1. In the student-designed experiment in which the preference of substrates was tested, it was determined that the pill bugs preferred the soil to the grass. Pill bugs are detritivores, meaning they consume dead and decaying organic material (like leaf litter and fallen branches). The pill bugs preferred the soil because it provided both a food source and an environment to camouflage from predators.
In the experiment that tested moisture preference, it was determined that the pill bugs equally preferred both the damp and the dry environments. The preference for the damp environment is due to pill bug anatomy- pill bugs are land-dwelling crustaceans that possess gills, and thus require damp environments to best absorb oxygen. While it was expected that the pill bugs would universally prefer the damp environment, the preference for the dry environment can be attributed to aggregational behavior. Although aggregations are not considered a social behavior, this tendency to cluster together reduces the amount of moisture lost by each individual, and is a beneficial adaptation to life on land. When density is low and thereby competition for resources is low, the benefit of spending more time searching for others with which to aggregate outweighs the cost of spending less time searching for food and of expending energy to walk. Aggregation behavior may have influenced habitat selection, making individual decisions partially dependent on whether they sought or encountered other individuals.
2. Throughout the classroom, other experiments have demonstrated that isopods either prefer damp environments or equally prefer damp and dry environments. The experiments which were conducted for longer periods of time (generally by a few minutes) showed the preference of wet environments over dry. Had these experiments been conducted for a longer duration of time, results may have shown that the pill bugs universally preferred the wet environments. It is important to note, however, that some moisture may have escaped the wet environment and diffused to the dry environment, making the dry environment more hospitable. This might explain the reason for some preference for the dry environment.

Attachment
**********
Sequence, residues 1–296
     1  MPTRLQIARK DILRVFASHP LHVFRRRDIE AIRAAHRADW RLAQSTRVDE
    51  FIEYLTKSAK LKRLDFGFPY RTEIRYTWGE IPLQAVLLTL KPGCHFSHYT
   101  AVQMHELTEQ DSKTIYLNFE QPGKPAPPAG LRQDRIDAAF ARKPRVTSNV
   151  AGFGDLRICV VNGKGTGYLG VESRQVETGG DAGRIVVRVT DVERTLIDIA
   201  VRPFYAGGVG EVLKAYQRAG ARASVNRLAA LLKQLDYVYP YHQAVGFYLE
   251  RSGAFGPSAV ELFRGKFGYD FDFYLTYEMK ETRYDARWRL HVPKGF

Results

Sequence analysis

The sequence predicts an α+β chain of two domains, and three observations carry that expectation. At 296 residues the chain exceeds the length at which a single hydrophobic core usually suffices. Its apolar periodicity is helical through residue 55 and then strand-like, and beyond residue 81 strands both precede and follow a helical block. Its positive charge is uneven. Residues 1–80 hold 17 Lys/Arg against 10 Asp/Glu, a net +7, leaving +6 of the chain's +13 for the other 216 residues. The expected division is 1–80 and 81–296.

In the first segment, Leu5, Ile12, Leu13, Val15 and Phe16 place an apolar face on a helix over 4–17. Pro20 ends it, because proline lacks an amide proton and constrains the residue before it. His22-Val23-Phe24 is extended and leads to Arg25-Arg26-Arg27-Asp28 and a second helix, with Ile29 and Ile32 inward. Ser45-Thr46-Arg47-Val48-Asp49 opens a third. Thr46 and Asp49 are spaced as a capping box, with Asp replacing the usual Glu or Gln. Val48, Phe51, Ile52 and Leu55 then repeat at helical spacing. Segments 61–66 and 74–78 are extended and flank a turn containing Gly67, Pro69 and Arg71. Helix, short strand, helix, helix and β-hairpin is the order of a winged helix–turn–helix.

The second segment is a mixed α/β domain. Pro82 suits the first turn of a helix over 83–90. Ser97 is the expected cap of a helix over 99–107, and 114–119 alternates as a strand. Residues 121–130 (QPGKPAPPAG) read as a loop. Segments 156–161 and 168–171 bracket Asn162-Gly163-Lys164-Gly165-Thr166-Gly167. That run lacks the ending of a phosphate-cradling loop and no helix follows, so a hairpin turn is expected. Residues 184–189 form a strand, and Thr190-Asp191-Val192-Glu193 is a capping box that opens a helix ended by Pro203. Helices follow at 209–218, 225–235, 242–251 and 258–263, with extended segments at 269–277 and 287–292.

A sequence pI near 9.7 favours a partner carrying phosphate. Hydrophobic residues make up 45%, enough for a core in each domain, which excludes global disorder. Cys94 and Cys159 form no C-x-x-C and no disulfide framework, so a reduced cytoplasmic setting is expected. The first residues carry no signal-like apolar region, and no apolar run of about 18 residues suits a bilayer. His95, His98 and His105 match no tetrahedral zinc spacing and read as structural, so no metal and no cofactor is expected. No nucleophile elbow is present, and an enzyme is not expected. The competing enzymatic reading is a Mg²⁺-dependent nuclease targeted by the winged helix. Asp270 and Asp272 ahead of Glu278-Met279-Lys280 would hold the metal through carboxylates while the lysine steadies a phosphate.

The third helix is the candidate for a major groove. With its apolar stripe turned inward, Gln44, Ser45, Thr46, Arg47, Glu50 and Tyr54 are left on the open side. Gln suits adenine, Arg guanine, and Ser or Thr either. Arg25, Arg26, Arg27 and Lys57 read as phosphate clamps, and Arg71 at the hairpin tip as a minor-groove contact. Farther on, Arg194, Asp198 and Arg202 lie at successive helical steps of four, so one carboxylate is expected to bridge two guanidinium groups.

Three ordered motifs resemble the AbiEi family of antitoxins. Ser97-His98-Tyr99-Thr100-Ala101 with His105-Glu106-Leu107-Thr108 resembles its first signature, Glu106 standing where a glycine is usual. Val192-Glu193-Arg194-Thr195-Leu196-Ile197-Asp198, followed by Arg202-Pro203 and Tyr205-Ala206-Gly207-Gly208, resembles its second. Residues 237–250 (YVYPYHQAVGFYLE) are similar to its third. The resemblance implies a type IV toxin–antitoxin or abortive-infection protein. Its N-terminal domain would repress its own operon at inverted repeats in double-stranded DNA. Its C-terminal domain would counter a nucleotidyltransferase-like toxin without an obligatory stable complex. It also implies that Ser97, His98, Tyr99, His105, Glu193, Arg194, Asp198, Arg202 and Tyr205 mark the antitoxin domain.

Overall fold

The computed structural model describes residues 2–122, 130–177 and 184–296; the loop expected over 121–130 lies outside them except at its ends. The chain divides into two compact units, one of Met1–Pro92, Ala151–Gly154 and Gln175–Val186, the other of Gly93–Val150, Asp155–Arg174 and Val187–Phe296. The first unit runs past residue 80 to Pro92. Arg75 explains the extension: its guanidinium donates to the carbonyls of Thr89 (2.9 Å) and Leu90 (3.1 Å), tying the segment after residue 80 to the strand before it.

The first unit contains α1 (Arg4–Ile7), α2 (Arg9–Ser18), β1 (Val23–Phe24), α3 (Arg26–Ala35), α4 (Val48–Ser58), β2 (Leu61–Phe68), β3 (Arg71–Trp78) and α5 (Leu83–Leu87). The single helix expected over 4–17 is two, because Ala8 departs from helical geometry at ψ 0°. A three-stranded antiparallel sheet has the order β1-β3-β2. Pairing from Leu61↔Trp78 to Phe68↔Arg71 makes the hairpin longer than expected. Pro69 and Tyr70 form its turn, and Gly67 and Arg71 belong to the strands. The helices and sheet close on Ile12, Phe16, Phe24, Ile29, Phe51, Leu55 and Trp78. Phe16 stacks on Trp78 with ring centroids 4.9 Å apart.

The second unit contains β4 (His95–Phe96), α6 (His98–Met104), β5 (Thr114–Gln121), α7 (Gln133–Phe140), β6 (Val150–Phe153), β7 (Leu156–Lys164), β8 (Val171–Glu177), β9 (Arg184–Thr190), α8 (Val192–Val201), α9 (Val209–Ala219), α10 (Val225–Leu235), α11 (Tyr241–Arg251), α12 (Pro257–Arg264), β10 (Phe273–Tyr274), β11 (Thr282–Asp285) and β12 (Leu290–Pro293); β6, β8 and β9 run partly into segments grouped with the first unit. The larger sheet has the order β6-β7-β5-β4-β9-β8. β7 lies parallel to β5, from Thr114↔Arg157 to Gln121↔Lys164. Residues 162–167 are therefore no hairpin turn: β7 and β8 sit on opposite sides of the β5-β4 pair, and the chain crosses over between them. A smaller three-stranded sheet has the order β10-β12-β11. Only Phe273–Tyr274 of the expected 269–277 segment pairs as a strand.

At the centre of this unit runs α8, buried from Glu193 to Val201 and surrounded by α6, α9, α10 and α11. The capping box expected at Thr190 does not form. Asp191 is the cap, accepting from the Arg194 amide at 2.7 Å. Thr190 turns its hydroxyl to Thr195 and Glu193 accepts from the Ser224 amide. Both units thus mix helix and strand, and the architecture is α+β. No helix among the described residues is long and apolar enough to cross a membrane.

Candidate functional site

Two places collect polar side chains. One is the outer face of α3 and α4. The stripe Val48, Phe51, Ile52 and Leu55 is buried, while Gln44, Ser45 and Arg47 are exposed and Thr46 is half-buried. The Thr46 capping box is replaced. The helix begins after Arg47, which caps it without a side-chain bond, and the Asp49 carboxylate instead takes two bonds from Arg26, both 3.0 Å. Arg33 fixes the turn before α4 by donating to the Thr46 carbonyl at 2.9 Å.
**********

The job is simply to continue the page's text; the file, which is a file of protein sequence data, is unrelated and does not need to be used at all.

3. The isopods use their antennae to locate appropriate environments. Their antennae are sensitive and respondent to all kinds of stimuli- for example, temperature and humidity. Pill bugs have both simple and compound eyes. Their eyesight is not particularly good, however, so the isopods rely on their antennae to detect stimuli. Kinesis is also responsible for their location abilities. The pill bugs move around very fast in undesirable environments and slow down once they approach a more suitable habitat.
4. If a rock was turned over, the isopods would most likely scurry rapidly and burrow themselves under the soil. This is in response to the sudden influx of sunlight stimulus.
5. The isopods’ response to moisture is best classified as taxis because the isopod chose to move towards or away from a specific stimulus. The amount of moisture determined the movement of the isopod. Because pill bugs are land-dwelling crustaceans, they require damp environments in order to thoroughly absorb oxygen through their gills. Background research shows that isopods prefer high moisture environments, which indicates taxis.